I’m not going to go into this in any depth – do any systematic research. But I’ve noticed a spate of articles in the Guardian recently which are basically anti-men. It seems it is acceptable to make sweeping negative generalisations about “men” in a way that if they were made about women would be seen as the worst kind of sexism. (This is just one recent example – a badly written dissing of “older men” in general from someone who casually throws out as if it were entirely normal that she was “two-timing” two of her older men dates). This is just part of what is obviously a trend – another barrier has been overcome on the march towards liberation. Now “men” can be openly abused generically as a type and this is all fine.
I’ve just started reading Deleuze’s book about Foucault.  The translator, Séan Hind, explains in his preface that Foucault found in Deleuze a kind of thinking which was anti-totalist. For Foucault, Deleuze promotes a “Free political action from all unitary and totalising propaganda”. It occurs to me that the ideology which insists on the “rights” of gay people, transgender people and all the rest of it; which is the same ideology which now apparently legimitmises a kind of denigration of “men” at large is very much a totalising and paranoid and unitary programme. Like most revolutions (see The Rebel by Camus) this ‘movement’ is displacing the superficial content of the old one while adopting its misuse of power. One set of masters replaces another set. (Rather than the whole business of masters being finally overcome, which is what we are always promised). There is no end to the masters. In this case old white male as the totem of authority are replaced with a new unitary pole. The pole may be painted all the colours of the rainbow but it is a unitary project and paranoid about and viciously intolerant of anyone not on board. The new masters replace the old. Masters…masters….masters….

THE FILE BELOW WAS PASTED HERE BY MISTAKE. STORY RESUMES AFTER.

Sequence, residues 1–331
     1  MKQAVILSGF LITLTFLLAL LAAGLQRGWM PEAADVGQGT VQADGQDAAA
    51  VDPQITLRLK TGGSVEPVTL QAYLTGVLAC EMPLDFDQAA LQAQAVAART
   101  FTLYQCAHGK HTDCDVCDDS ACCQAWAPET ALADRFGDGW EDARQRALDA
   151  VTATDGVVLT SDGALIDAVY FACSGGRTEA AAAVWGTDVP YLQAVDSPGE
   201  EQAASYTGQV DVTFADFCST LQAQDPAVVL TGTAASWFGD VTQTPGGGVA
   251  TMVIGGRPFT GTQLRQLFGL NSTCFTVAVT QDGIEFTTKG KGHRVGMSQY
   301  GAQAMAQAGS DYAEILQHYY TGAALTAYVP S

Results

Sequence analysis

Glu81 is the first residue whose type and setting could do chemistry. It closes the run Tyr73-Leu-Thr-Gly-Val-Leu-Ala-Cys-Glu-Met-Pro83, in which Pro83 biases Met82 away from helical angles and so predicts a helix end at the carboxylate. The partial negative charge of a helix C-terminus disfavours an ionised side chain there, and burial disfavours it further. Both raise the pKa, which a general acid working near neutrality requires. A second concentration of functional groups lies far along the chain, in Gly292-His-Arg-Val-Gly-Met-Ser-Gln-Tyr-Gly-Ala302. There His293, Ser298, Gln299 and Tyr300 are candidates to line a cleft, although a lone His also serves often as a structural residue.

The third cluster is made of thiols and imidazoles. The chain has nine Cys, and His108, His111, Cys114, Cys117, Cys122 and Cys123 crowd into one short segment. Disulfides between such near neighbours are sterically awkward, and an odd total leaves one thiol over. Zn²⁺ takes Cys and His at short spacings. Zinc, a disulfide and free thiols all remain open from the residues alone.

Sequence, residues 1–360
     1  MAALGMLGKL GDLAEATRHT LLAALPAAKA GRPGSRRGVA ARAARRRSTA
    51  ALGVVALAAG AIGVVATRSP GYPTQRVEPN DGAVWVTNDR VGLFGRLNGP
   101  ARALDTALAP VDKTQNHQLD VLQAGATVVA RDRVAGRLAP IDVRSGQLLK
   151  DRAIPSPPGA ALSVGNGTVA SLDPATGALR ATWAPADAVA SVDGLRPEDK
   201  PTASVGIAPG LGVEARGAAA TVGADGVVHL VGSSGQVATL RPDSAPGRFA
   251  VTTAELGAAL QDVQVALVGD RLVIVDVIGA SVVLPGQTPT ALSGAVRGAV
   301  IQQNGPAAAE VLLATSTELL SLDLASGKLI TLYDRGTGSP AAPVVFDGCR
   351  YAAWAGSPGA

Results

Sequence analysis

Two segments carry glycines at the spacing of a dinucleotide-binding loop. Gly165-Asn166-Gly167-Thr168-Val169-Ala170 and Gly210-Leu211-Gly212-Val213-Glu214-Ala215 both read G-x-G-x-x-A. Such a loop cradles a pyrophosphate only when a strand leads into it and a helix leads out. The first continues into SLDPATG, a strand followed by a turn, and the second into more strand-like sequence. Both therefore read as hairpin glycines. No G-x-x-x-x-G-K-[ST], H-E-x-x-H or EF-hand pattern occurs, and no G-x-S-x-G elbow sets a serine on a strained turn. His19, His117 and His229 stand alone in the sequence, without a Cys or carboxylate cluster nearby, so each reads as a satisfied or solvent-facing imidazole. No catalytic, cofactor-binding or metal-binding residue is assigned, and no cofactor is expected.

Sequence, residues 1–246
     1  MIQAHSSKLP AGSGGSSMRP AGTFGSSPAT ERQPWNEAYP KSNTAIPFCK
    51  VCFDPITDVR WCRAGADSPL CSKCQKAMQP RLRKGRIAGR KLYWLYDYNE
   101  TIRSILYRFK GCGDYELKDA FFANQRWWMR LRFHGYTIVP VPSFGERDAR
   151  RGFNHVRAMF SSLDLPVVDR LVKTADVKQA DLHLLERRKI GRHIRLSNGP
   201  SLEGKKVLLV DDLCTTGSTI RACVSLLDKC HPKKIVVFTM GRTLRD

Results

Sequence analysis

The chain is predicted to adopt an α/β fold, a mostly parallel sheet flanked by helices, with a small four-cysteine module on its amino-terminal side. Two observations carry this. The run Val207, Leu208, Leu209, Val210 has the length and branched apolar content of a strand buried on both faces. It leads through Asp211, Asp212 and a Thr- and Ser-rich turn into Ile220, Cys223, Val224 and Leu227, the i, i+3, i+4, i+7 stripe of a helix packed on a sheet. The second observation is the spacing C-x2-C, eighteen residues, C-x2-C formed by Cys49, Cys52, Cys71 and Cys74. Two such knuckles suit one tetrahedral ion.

1 Foucault. Deleuze. Continuum. 1999